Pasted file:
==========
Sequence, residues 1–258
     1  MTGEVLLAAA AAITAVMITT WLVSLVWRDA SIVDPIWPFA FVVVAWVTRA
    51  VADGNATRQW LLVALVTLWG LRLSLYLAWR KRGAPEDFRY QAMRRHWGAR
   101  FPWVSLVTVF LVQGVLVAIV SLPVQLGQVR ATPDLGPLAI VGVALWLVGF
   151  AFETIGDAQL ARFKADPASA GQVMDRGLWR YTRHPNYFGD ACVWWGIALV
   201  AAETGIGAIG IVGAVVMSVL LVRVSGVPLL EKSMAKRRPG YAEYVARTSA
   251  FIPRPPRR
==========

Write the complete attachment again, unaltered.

Sequence, residues 1–258
     1  MTGEVLLAAA AAITAVMITT WLVSLVWRDA SIVDPIWPFA FVVVAWVTRA
    51  VADGNATRQW LLVALVTLWG LRLSLYLAWR KRGAPEDFRY QAMRRHWGAR
   101  FPWVSLVTVF LVQGVLVAIV SLPVQLGQVR ATPDLGPLAI VGVALWLVGF
   151  AFETIGDAQL ARFKADPASA GQVMDRGLWR YTRHPNYFGD ACVWWGIALV
   201  AAETGIGAIG IVGAVVMSVL LVRVSGVPLL EKSMAKRRPG YAEYVARTSA
   251  FIPRPPRR